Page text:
Let me re-post a discussion about this question here, to keep things nice and tidy!

acc0520 wrote:Hi,

I can't understand why (E) is not right for the Q17. Because T can't be more than two in this set-up. There's no explanation about (E) in your diagram.

Can anybody explain it?

Thanks!

lucia2 wrote:I think I can help with your question. The easiest way to figure out this question is to look back at diagrams that you did in figuring out the other questions.

Why D is right:

We know we have to have two M's, and at least one G, J, and T. For each J, we must have a G right before it. So if we have 2 J's, 2 G's, and 2 M's, that's already six and forces us to make the last destination T. If we had THREE J's, that would force us to have THREE G's, and our TWO required M's, which already makes seven and we didn't even include T.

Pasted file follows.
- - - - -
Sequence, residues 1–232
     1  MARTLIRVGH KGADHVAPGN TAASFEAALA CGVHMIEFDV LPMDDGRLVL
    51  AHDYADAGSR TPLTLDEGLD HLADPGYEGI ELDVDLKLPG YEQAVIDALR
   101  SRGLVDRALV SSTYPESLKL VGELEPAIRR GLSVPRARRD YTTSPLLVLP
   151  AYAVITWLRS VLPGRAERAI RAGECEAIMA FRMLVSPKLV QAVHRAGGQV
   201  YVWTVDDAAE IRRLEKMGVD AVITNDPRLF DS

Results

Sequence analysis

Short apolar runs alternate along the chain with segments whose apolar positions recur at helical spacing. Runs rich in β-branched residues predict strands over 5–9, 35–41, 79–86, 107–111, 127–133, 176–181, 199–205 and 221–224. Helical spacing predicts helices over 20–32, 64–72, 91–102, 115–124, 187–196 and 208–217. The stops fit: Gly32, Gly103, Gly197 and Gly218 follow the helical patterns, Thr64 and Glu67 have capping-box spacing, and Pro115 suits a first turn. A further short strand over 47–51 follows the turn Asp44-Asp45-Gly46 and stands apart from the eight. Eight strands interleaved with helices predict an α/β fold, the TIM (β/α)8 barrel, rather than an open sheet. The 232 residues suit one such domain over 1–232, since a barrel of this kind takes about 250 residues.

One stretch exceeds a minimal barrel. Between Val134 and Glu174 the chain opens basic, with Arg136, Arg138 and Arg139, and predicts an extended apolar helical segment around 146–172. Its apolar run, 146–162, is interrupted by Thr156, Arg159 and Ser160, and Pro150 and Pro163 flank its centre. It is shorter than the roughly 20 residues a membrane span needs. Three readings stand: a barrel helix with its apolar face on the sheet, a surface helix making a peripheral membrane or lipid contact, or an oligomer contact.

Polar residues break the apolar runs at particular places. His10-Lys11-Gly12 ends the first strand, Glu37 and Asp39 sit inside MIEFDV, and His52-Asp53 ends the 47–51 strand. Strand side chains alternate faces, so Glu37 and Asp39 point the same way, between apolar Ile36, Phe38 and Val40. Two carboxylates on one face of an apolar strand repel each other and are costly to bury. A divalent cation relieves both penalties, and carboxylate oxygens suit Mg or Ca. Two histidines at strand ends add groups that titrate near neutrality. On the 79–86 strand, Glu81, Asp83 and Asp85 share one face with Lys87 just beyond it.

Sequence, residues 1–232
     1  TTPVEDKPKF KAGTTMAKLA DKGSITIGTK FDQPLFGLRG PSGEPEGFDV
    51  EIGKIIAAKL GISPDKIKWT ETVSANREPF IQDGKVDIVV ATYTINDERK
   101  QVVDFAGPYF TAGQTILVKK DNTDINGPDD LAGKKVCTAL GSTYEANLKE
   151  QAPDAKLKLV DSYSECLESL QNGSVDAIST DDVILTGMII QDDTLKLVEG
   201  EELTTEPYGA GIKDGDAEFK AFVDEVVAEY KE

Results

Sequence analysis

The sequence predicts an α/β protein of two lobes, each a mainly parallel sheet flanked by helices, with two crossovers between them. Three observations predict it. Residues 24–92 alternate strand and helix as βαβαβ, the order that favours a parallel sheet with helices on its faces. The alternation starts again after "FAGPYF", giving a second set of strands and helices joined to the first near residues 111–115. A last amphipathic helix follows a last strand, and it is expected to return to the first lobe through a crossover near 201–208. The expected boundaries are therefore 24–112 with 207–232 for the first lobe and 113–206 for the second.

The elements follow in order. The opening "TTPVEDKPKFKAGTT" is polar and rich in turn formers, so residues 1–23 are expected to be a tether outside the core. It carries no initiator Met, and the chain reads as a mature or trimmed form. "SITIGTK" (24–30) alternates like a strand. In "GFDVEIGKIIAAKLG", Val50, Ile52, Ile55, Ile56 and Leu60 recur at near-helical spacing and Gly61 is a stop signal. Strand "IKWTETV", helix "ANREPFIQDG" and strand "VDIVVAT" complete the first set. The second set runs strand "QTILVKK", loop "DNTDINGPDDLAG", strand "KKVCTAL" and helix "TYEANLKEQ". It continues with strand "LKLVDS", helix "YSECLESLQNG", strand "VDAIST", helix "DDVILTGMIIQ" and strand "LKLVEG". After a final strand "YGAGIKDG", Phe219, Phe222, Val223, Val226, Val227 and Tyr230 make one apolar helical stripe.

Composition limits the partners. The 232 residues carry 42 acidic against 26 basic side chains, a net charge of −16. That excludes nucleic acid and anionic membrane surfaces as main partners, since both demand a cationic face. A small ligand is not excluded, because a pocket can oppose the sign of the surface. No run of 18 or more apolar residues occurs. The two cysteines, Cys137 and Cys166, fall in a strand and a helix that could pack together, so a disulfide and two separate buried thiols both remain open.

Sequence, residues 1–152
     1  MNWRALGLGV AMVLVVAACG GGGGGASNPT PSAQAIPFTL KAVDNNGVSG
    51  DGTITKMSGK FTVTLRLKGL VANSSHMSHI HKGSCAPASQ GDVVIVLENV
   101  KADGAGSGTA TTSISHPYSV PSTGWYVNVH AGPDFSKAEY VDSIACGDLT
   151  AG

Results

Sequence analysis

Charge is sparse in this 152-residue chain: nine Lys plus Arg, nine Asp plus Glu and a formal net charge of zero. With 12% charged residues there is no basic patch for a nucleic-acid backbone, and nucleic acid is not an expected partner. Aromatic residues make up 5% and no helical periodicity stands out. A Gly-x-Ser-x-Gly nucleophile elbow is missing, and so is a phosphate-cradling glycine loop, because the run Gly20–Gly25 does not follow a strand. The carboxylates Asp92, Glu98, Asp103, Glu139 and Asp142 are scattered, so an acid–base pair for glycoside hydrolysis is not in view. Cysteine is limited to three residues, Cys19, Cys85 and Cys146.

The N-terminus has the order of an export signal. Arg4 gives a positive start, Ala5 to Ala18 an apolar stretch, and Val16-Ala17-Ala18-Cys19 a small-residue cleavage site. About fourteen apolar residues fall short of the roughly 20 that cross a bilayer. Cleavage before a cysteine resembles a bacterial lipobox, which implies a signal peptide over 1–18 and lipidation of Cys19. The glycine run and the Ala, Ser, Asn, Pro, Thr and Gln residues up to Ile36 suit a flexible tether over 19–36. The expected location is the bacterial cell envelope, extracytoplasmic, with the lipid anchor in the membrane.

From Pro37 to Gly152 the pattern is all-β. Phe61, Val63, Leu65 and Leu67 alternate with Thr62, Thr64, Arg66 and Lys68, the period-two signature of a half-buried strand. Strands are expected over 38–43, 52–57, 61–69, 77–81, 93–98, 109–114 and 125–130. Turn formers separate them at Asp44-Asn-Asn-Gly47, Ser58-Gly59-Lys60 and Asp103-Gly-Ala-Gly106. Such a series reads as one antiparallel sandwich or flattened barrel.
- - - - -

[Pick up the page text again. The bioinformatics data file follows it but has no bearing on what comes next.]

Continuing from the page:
Why E is wrong:

However, if we had three T's, that is, Freedom made MORE than 2 voyages to Trinidad, then we could have the following scenarios:

From 1-7: T M G J T M T, for example

Or you could have: M T G J T M T

There are many other possibilities. It's really easiest to just try it out and see if you can.

Basically, the point in these kinds of questions are to look for the variables that have constraints on them. Example, J has a huge constraint on it because it's always attached with G. M has a constraint on it because we know there are only 2 and they are separated by at least one G.

T is the only variable without constraint--we know it has to be in the 7th spot, but that's it. For questions that are must be true/false, etc the answer tends to be variables with constraints on them, because those usually have to be one way or another (there aren't as many possibilities about where to put them).

shawtydatblade wrote:I am also questioning the difference between answers D and E. I can see why D must be true. However, since J is never at week 4, T cannot be visited more than two times within the seven day range. Am I missing something here?